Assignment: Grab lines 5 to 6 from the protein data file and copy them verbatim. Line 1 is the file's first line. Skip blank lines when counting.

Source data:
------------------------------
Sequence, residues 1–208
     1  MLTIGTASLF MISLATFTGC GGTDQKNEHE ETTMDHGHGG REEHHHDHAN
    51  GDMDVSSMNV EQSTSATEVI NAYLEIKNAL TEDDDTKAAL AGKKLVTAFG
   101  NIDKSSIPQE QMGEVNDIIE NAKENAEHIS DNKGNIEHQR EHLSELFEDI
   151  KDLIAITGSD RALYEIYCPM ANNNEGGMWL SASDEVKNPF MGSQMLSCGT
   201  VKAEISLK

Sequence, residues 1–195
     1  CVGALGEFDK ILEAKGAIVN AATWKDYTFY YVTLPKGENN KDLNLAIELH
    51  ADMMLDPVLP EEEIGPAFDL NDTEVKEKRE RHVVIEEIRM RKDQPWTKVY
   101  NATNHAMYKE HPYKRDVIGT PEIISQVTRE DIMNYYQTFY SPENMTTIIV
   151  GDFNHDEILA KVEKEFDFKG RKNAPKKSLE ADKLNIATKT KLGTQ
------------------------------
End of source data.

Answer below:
   151  KDLIAITGSD RALYEIYCPM ANNNEGGMWL SASDEVKNPF MGSQMLSCGT
   201  VKAEISLK